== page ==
After disposing of the messy material you asked, “Why don’t they run another one right away?”
The breeze shifted a bit and the smell of hot rubber and the acrid stench of burned nitromethane blew into your pit area. Only concrete columns showed where one pit ended and another began. Though a long roof covered pit row, the sides were open to the odors of racing. That explained your burning eyes and throat – the byproducts of volatile fuel could easily enter. At least the roof protected the concrete ramp from the scorching noon-day sun.
“Staging takes time, Mr. Grambic.” Wilson’s grin never wavered, almost like it was a permanent feature added by some inept plastic surgeon. “Some facilities have multiple tracks. They can stagger-start and run more races. But interest in drag racing has been,” he paused to think of the right word, “lax for a few years, so it’s not busy enough for every track to expand that way.”
Mr. Grin went back to prepping his – your – car. You tried watching both your pit and the two cars staging near the starting line. Numbers 19 and 16 would race in a few minutes.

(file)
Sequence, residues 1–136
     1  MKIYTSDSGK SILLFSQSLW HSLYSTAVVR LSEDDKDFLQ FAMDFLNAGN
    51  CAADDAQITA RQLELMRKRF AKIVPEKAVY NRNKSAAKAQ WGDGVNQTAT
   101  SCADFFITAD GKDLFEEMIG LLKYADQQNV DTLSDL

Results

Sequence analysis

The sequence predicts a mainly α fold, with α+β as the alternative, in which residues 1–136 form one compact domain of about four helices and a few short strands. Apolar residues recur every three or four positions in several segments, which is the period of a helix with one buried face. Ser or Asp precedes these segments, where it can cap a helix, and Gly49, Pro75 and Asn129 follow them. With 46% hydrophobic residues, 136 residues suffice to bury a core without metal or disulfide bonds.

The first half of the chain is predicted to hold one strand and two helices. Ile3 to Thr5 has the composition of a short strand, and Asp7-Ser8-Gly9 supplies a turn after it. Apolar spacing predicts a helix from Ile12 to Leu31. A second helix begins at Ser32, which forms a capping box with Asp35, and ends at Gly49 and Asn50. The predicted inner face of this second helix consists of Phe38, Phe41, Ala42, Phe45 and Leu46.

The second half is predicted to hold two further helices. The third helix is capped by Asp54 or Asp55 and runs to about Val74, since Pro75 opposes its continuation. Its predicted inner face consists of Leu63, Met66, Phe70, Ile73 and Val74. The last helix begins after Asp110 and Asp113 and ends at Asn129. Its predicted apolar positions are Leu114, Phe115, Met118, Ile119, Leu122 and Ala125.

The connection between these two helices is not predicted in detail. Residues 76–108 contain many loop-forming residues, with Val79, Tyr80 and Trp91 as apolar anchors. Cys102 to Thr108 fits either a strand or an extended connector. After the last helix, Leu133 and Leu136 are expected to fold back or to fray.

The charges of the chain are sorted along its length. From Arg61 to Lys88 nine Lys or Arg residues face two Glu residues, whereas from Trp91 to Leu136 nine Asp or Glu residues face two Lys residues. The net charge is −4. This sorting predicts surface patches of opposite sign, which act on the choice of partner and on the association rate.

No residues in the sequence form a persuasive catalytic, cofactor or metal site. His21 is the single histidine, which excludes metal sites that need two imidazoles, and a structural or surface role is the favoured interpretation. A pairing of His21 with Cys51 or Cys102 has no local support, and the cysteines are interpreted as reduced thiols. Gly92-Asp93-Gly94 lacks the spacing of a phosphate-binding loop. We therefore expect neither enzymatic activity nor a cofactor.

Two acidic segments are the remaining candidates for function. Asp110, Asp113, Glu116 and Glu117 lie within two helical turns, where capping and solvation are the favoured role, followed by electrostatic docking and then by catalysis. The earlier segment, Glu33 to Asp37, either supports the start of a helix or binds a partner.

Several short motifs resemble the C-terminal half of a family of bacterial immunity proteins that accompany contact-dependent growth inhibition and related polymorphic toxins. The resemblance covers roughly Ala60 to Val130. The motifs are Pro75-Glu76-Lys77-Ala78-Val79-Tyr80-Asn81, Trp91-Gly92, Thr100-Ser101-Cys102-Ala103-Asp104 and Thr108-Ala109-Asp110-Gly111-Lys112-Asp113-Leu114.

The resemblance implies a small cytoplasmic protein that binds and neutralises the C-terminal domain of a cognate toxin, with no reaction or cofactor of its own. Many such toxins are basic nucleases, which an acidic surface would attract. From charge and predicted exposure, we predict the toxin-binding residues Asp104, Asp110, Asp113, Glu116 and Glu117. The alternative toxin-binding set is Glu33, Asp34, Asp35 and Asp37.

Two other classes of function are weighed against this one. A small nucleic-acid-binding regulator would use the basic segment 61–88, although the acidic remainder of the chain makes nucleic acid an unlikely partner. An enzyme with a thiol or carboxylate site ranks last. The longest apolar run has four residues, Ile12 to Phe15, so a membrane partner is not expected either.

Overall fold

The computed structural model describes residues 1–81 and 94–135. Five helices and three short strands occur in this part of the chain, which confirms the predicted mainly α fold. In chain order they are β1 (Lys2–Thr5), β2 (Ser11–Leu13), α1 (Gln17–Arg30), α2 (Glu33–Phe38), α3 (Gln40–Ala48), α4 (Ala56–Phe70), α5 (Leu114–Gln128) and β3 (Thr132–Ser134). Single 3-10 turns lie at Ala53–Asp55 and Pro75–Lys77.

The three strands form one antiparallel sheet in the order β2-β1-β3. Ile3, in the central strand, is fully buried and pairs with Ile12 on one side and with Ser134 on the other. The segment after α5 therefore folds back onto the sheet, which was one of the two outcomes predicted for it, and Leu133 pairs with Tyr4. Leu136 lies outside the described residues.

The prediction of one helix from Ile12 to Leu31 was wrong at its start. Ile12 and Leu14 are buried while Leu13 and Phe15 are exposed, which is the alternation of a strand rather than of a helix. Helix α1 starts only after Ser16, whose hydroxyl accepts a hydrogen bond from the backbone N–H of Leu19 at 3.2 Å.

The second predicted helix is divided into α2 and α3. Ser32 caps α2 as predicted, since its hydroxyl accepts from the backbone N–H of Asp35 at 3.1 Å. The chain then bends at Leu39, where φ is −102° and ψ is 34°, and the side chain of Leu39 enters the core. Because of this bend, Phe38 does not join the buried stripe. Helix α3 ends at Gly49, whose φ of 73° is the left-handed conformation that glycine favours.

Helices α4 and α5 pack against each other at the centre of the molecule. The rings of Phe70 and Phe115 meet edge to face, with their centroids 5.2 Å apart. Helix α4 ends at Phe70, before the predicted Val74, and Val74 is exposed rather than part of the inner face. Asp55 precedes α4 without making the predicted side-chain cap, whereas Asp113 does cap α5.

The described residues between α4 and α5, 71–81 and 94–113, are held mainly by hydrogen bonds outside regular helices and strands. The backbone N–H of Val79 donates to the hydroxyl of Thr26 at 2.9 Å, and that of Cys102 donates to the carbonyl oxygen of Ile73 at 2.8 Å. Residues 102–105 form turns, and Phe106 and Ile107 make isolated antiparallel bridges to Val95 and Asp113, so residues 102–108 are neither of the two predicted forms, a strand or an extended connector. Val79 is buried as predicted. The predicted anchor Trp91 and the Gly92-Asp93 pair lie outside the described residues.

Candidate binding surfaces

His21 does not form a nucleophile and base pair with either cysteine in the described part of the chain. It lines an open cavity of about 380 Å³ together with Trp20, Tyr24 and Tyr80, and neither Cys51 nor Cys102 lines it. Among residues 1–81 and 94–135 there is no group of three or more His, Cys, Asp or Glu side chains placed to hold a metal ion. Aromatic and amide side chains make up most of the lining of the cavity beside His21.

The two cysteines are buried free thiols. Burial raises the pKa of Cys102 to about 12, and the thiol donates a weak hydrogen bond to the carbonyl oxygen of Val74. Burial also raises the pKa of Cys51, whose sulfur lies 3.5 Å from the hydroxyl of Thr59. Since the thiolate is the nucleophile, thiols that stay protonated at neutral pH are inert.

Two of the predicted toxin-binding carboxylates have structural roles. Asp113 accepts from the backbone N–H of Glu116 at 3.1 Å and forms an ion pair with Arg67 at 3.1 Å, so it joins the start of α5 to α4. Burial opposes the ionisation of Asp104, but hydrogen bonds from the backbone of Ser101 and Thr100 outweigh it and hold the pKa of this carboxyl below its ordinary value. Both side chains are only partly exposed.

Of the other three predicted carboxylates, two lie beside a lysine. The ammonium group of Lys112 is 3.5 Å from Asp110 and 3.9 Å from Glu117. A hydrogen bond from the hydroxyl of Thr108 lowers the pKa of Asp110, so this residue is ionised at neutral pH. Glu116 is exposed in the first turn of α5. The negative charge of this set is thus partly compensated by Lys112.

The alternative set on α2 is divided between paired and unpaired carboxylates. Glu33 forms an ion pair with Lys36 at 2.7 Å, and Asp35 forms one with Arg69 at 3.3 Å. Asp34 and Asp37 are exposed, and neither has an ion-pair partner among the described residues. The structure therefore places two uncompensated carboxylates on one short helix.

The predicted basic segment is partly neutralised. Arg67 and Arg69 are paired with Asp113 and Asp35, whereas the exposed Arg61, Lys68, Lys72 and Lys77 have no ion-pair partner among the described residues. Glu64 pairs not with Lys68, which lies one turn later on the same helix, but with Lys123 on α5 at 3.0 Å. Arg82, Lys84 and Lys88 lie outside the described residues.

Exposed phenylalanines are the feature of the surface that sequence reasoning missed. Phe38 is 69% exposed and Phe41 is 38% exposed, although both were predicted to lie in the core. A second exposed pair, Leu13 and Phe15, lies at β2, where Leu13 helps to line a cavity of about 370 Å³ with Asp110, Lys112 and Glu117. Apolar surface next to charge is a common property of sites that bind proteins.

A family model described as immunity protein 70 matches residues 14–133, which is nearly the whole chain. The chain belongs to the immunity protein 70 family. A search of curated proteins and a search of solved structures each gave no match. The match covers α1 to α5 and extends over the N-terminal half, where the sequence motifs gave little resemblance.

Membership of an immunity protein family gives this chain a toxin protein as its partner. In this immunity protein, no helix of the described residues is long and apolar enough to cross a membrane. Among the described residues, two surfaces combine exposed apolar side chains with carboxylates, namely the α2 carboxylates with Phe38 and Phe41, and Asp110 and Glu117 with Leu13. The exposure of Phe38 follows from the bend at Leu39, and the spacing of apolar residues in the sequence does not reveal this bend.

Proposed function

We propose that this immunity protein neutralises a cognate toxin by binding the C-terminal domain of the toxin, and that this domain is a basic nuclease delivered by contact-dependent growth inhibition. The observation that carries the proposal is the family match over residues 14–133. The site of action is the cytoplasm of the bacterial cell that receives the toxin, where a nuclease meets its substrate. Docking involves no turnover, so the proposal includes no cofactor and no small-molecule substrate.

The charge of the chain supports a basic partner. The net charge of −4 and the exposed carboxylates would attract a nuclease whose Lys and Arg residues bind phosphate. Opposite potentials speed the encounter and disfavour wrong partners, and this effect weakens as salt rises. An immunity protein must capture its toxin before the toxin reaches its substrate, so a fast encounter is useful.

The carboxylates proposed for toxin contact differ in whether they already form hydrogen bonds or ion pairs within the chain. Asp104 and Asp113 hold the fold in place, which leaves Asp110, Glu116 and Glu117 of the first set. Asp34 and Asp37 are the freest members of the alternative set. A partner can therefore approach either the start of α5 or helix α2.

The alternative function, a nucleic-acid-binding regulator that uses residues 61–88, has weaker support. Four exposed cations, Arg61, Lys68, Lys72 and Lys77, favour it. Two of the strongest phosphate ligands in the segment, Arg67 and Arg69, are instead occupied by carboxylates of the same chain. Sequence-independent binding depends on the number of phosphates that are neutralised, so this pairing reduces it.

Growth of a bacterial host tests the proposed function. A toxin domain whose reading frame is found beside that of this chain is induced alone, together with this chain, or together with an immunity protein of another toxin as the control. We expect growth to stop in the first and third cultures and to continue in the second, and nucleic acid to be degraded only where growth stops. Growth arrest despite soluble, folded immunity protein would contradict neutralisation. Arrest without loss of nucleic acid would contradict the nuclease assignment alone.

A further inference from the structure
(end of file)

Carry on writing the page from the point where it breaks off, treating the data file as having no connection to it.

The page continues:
On the track, the pit side driver, #19, spun his tires and lurched forward a few yards, then reversed. He wanted his rubber tires to warm up, giving him better traction. A worker went out in front of the car and sprayed something on the track while technicians lifted the body and tinkered with the engine.
“It’s an adhesive.”
You turned to see Judge Boynton step up beside you. “Judge.”
“Mis-ter Gram-bic.” He looked askance at your right hand. “I didn’t think you’d actually be in the pits. Most multimillionaires don’t like to get . . . dirty.”
Self-conscious of the residue of filth still on your palm, you tried to ignore the imagined feeling of grease clawing its way up your arm. “Do I detect a tone of respect, Boynton?”